Part of the sermon this morning was from Luke 14:25-33, with a key word in the sermon being “endurance”. Quite appropriate at this time I thought. The pastor talked about sticking it out to complete the task. And I thought of the Shackleton family motto: “Fortitudine Vincimus” (By Endurance We Conquer). The morning gave me more encouragement that this journey is important and it must continue, no matter what might be happening back in Miami with the foreclosure of the place I’m living in. Trust God on that and let the chips fall where they may. The important thing is to keep on with this journey. That’s what I feel I must focus on. Not the situation at home. Let God take care of that.

Glynis and David seemed to have had a great time during the morning coffee hour catching up with all sorts of people that they knew. I left Glynis and David after church. Always hard to leave people.

On the way out of Thunder Bay I stopped at the Terry Fox Memorial that is up on a hillside overlooking the Bay. His remarkable story is all about his dream. I felt a kinship with him in a way (both on a big journey for charity) but my journey felt like a drop in a bucket compared to his. His journey was monumental and he became a Canadian hero. He changed the nature of fundraising.

The road in Ontario are wonderful! I enjoy driving them. They are a thrill. Curves, hills, scenic, smooth– just perfect. I drove along the north shore of Lake Superior. Clear skies and cold. Plenty of layers of clothes!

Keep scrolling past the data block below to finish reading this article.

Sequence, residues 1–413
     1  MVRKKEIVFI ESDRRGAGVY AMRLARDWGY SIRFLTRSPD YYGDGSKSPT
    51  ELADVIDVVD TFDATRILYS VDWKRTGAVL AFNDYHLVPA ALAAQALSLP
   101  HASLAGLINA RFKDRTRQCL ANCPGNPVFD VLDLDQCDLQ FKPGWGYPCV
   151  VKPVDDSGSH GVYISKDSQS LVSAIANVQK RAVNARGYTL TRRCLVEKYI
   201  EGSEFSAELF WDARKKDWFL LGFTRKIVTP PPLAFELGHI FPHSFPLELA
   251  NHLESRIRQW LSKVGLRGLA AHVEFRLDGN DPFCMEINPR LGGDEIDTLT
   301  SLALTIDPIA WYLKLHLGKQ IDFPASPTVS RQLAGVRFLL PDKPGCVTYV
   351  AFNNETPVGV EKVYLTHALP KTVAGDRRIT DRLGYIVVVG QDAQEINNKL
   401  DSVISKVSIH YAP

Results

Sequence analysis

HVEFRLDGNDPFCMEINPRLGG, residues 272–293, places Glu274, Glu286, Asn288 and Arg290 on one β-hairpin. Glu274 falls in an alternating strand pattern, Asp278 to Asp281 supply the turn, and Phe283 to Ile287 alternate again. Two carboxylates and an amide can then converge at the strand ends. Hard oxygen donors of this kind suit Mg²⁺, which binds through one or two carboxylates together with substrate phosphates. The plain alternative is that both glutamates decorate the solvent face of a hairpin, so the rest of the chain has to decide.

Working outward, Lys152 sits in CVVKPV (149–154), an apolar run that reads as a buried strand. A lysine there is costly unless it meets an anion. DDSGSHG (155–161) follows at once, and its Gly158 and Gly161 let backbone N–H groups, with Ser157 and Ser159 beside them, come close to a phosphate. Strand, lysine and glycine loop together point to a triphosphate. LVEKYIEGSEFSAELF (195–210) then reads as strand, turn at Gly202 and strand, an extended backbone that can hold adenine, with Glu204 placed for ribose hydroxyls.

Back at Miami Shores Presbyterian Church it was “Kick-off Sunday,” the weekend that officially marks the end of summer, when people have returned from their respective vacation homes, other states, the children are going back to school, church is changing back to two services on a Sunday instead of one in the summer– a chance for everyone to reconnect, refocus, and see what they want to be involved in during the coming months until next summer. A fun event. I wished I was back there with everyone for this morning.

Rolling mountains, over hill rests with Lake Superior on the horizon. Amazing! It looks like you’re going into the lake. Lake Superior appears at times to rise up into the sky on an angle. It’s you who’s angling down (a hill) but it’s the lake that feels like it’s rising to the sky. Quite odd and very special.

That evening I pressed on to Wawa– the last town on the shores of Lake Superior before a long stretch of road with no services. Time to fill up the extra fuel tank again and hope that I didn’t need it during the following day.

The Sleeping Giant, Thunder Bay. Legend has it that a young First Nation boy told the white man where silver could be mined. As punishment he was turned to stone.

The Sleeping Giant, Thunder Bay. Legend has it that a young First Nation boy told the white man where silver could be mined. As punishment he was turned to stone.

The Terry Fox Memorial. A young man who lost his leg to cancer and then had a dream of running across Canada (a marathon every day) to raise money for cancer. He had to stop in Thunder Bay because his cancer had returned.

The Terry Fox Memorial. A young man who lost his leg to cancer and then had a dream of running across Canada (a marathon every day) to raise money for cancer. He had to stop in Thunder Bay because his cancer had returned.

Aguasabon Falls in Ontario. In the background is Lake Superior.